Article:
dinner ($6-$15). Also in Union, at the intersection of U.S.
Rte. 20 and Union Road (8512 S. Union Rd.) is Doneley's
Old West Lounge, (815) 923-8000, a steakhouse open Friday
-Sunday, with a Sunday brunch and children's menu. Open
Friday - Saturday 4:30 - 10 p.m.; Sunday 10 a.m. - 8 p.m.
Prices range from $6-$22.
Between Harvard and Woodstock, at the intersection of Rte.
14 and 120, is Deeter's
Restaurant, serving European and American cuisine.
Known for its German specialties, it offers a full menu
including fish, lighter fare, steaks, and seafood. Open
Tuesday - Sunday, 4 - 10 p.m., with an early bird menu (4
- 6:30 p.m.). Located at 1510 S. Rte. 14; (815) 338-6550.
Heading south on U.S. Rte. 20 past I-90, a side trip to
Rock Brewing Company in Elgin; (847) 622-8888, may
well be worth the time. Located on 127 S. Grove, one block
north of the Grand Victoria Riverboat Casino, this is an
above average brewpub, known for steak, ribs, chops, and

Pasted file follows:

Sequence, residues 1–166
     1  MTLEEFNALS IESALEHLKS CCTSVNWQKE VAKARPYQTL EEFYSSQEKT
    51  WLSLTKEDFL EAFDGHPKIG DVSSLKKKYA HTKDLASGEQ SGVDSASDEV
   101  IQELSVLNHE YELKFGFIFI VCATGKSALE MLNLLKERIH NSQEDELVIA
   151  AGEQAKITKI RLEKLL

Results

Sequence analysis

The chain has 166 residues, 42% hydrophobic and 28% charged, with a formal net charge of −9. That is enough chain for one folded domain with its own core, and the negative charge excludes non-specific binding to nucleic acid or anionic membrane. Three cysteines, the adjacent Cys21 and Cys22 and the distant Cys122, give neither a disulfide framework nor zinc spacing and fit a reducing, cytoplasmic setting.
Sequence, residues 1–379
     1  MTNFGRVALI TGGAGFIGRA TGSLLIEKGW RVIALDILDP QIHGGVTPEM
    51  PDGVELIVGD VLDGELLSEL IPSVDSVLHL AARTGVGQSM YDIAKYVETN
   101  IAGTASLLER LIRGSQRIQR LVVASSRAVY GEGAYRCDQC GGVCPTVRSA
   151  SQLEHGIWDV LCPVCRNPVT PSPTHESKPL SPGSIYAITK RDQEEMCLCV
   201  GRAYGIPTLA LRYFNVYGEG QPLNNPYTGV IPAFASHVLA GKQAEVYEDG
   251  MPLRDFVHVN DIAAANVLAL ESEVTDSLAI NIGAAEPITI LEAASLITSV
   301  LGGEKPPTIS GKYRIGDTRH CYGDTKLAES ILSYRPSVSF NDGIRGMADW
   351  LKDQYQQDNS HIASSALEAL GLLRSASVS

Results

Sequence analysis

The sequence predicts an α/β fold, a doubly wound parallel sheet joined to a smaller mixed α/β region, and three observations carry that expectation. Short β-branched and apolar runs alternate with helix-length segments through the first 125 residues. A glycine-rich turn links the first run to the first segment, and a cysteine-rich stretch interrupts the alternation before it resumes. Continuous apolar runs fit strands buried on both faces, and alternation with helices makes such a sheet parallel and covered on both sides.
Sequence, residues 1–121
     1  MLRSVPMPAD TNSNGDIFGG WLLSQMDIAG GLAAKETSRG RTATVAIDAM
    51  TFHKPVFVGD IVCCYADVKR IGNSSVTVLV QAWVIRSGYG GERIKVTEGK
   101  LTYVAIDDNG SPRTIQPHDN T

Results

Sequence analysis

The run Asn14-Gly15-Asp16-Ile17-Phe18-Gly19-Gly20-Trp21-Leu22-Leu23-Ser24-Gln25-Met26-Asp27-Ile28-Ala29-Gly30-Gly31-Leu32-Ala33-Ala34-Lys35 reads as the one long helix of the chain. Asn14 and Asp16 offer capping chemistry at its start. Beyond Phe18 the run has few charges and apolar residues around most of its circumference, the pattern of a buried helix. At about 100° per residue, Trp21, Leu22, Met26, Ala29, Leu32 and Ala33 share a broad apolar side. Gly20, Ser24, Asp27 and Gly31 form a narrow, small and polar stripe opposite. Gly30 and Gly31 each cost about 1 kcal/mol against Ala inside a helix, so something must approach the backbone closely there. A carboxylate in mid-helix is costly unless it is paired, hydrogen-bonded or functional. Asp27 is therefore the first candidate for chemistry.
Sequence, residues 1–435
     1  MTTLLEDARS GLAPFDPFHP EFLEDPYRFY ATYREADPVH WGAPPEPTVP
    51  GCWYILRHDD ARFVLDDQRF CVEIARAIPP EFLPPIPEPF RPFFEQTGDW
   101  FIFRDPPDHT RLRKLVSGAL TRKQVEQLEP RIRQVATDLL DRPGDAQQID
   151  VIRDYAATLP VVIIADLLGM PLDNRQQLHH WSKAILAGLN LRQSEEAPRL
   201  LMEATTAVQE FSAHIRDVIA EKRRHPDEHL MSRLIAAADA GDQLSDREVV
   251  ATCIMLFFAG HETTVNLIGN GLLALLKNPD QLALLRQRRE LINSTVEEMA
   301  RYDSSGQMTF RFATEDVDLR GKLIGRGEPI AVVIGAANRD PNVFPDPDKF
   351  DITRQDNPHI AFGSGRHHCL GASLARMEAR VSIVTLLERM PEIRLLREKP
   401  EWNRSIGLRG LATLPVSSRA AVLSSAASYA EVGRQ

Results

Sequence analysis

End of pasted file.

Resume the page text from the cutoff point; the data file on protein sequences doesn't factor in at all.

an excellent, highly rated wine list. The restaurant has
an expansive dining room and centrally located fireplace
and is housed in a beautiful building that was once the
Grove Theatre. Extensive beer list.
camping is available year-round at Marengo Ridge. The campground
holds up to 160 people. Camping in Thomas Woods at Marengo
Ridge is available from May 1 - October 31. For fees and
availability call (815) 338-6223.
nearest lodging can be found in the town of Woodstock. A
bed and breakfast, Bundling Board Inn with 6 rooms,
is located 2 blocks from the historic square and Opera House
at 220 E. South St.; (815) 338-7054. Weekday rates are $75/room;
weekend $95/room. Full breakfast served.
Days Inn Woodstock at 990 Lake Avenue with 44 rooms
and 6 suites has rates ranging from $60-$107; (815) 338-0629.
Holiday Inn Express at 1785 S. Eastwood Dr.; (815)
334-9600 has 51 rooms and 2 suites. Rates range from $79-$105
(children under 19 stay free with adult).
There is also an AmeriHost Inn in Harvard at 1710
S. Division St.; (815) 943-0700. 58 rooms, 2 suites, $79-$175.
County Conservation District's Trail of History is
an interpretive event portraying life as it was from 1670-1850
in the former Northwest Territory which encompassed Illinois,
Wisconsin, Indiana, Michigan, Ohio and parts of Minnesota.
Trail of History takes place every October in Glacial
Park at Harts Rd. and Rte. 31 in Ringwood. Call
(815) 338-6223 for information about next year's event.